This week, author and essayist Sarah Kuhn joins us to talk about a subject near and dear to my heart: superhero fashion! I know I was tickled to learn that I do, in fact, own the same “Girl Gang Star Wars bag” Sarah mentions below. Check out her new novel, Heroine Complex, now available in bookstores everywhere.
I love clothes.
I’ve always been intrigued by the way people put together outfits as a means of expression and one of my great joys in life is pawing through thrift stores for those perfect pieces that convey my personal style. I am also fascinated by the various ways fashion is described in fiction: as a child, I obsessively re-read all the passages of the Baby-Sitters Club books that lovingly described Claudia Kishi’s “wild” outfits.
When I was writing Heroine Complex, which chronicles the adventures of two Asian American superheroines as they fight demons, work through friendships, and fall in love, I was very aware of the characters’ fashion choices because I felt it gave a lot of insight into them as people. Evie Tanaka, the protagonist and narrator, likes to be comfortable and blend into her surroundings, so she has a uniform of jeans, Chuck Taylors, and t-shirts with various cartoon characters on them. This is in direct contrast to Aveda Jupiter (aka Annie Chang), Evie’s superheroine boss and childhood best friend, who prides herself on fabulousness and dons all manner of flashy costumes that utilize a wide range of spandex, leather, and glitter.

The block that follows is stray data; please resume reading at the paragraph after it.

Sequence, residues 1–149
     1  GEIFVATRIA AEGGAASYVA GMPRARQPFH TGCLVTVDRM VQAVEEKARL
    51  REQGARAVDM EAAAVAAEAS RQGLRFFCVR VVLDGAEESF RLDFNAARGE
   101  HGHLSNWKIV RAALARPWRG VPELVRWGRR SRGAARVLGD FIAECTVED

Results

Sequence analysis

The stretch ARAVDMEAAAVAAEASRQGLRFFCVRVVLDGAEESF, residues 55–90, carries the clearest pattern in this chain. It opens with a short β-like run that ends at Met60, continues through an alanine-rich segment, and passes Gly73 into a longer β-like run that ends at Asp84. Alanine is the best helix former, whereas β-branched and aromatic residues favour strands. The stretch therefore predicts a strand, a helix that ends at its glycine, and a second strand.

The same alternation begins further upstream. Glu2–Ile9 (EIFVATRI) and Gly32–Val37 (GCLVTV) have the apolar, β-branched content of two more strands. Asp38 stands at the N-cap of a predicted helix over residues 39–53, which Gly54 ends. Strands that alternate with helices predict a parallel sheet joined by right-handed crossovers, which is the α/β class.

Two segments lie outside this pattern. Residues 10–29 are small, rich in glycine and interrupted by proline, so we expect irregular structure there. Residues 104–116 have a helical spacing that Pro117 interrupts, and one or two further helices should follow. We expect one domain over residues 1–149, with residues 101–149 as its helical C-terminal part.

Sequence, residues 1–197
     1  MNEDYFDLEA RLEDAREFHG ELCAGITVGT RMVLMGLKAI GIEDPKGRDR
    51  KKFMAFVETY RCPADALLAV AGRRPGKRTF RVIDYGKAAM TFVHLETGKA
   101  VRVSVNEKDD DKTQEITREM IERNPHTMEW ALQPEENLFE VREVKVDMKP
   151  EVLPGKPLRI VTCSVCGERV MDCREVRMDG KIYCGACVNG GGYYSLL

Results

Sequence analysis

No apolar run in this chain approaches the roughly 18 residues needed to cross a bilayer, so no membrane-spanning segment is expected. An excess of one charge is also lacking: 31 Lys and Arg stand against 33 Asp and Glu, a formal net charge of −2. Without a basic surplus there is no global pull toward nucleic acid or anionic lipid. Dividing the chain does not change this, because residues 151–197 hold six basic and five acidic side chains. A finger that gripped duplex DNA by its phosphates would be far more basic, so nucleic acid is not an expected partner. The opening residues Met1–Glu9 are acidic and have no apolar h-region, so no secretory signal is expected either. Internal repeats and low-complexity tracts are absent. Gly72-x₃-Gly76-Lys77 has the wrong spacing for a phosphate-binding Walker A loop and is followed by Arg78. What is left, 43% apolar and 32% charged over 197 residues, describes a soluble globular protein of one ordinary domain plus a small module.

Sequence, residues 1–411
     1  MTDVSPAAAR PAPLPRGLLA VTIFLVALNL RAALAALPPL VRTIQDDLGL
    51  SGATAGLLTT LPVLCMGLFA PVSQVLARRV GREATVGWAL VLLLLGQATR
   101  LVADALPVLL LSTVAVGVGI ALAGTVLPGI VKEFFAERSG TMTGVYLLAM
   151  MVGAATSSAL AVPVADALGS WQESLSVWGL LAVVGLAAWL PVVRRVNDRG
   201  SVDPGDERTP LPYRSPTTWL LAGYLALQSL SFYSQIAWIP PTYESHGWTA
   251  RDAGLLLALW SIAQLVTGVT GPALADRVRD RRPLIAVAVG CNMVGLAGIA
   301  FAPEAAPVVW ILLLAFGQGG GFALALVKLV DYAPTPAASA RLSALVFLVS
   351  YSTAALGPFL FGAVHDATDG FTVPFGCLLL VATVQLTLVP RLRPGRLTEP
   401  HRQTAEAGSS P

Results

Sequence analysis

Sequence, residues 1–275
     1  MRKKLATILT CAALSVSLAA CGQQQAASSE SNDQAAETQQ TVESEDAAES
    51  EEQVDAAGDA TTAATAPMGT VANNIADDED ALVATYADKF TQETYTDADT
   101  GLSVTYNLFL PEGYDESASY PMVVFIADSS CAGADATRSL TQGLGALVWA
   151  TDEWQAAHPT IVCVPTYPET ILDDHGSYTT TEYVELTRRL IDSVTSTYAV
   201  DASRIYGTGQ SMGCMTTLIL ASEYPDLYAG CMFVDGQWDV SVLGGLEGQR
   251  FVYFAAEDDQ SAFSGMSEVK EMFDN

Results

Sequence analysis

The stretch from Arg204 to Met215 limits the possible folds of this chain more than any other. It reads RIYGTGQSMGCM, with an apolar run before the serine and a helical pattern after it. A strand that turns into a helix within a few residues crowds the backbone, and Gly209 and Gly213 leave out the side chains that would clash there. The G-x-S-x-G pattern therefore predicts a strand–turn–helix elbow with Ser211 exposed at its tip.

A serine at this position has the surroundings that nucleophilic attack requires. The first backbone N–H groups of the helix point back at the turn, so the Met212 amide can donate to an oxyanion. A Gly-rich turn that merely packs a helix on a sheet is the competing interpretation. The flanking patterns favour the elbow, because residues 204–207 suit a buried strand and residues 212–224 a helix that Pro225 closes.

I take a lot of my own fashion cues from the comic book superheroines I grew up loving, so “designing” looks for both Evie and Aveda was one of the most fun parts of writing the book. Here are a few favorite superhero fashion choices that continue to influence my own style—and may have influenced theirs as well.
Dazzler’s boots: I know some fans find the whole concept of the X-Men’s resident rollerskating disco queen to be kind of dated, but I still think her style is glorious. I mean, she’s the only superhero I can think of who has skates that attach to her boots. I’ve never actually been able to accomplish that particular feat since I’m bad at staying remotely upright while rollerskating, but white boots are a staple of my wardrobe, particularly if they are vintage and involve any kind of fringe or sparkle element.